Project description: A post-doctoral position is anticipated to be available under a new DHS-funded project aimed at providing cybersecurity assurance for critical infrastructure. The project, which will be housed in the Stanford Center for International Security and Cooperation (CISAC), will focus on the challenges posed by cyberattacks based in the critical infrastructure supply chain, including both software and hardware. The project will involve modeling the architecture, dependencies and dynamics for several critical infrastructure sectors (e.g., the financial system, the power grid; communications networks) and developing both preemptive and reactive solutions that can minimize the number and impact of cyberattacks exploiting component and/or software vulnerabilities introduced accidentally or deliberately in the supply chain.

Qualifications: Applicants should be highly self-motivated and have a background in simulation and modeling of highly complex, dynamic networks and systems in the context of cybersecurity. Applicants should also have very strong written and verbal communications skills. The position includes a strong benefits package and a competitive salary commensurate with experience and qualifications.

Appointment start date and term: The appointment begins in January 2016. The term is one year initially, with an opportunity to continue depending on performance and funding availability.

Application Deadline: September 15, 2015 at 5:00 pm.
Applicants should submit a cover letter, a CV, and contact information for three references to Shelby Speer at sspeer@stanford.edu.

 

Cybersecurity Postdoctoral Scholar ("Regulatory Options to Manage Systemic Risks")

Project description: A post-doctoral position is available under a new Department of Homeland Security-funded project aimed at providing cybersecurity assurance for critical infrastructure. The project, which will be housed in the Stanford Center for International Security and Cooperation (CISAC), will focus on systemic risks to the electric power sector infrastructure and regulatory options that may mitigate those risks. The project will involve gathering information about the dimensions of systemic risk in the electric power sector, identifying regulatory strategies for managing those risks, and developing a model to evaluate the potential effectiveness of those strategies.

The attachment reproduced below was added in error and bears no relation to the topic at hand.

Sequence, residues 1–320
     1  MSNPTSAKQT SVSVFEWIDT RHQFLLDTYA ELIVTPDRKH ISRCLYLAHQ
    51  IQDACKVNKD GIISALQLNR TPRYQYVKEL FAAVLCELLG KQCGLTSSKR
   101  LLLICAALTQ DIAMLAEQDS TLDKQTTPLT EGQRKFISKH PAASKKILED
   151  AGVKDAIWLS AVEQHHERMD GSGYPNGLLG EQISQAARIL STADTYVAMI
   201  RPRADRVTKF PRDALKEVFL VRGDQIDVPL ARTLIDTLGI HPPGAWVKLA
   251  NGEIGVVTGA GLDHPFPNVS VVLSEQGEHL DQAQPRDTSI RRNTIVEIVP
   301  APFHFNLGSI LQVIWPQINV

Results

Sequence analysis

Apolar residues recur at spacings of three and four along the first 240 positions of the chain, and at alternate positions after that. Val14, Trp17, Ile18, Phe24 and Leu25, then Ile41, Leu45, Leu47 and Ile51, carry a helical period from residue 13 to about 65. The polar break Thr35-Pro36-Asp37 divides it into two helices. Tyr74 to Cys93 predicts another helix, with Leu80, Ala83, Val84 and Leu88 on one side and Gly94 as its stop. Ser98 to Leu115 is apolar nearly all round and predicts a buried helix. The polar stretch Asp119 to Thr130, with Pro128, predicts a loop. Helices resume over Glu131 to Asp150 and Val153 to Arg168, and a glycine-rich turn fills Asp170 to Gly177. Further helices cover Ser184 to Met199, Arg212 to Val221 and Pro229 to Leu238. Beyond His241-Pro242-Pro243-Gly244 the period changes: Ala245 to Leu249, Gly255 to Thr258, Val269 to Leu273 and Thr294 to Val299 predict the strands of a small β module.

Qualifications: Applicants should be highly self-motivated, disciplined, and have a background in empirical qualitative and mixed methods research. Candidates with experience working in policy analysis, risk analysis, organization studies, and/or science and technology studies are preferred. Excellent written and verbal communications skills are essential. The position includes a strong benefits package and a competitive salary commensurate with experience and qualifications. Applicants should submit a cover letter, a CV, and contact information for three references.

Appointment start date and term: The appointment begins in 2016; the start date is somewhat flexible, but preference will be given to candidates who can begin relatively early in the year. The initial term is one year, with an opportunity to continue for up to 54 months (4.5 years), depending on performance and funding availability.

Application Deadline: Preferred Deadline: September 15, 2015 at 5:00 pm; Regular Deadline: October 15, 2015 at 5:00 pm.
Applicants should submit a cover letter, a CV, and contact information for three references to Shelby Speer at sspeer@stanford.edu.

 


Stanford Student Positions at CISAC

All positions have been filled at this time.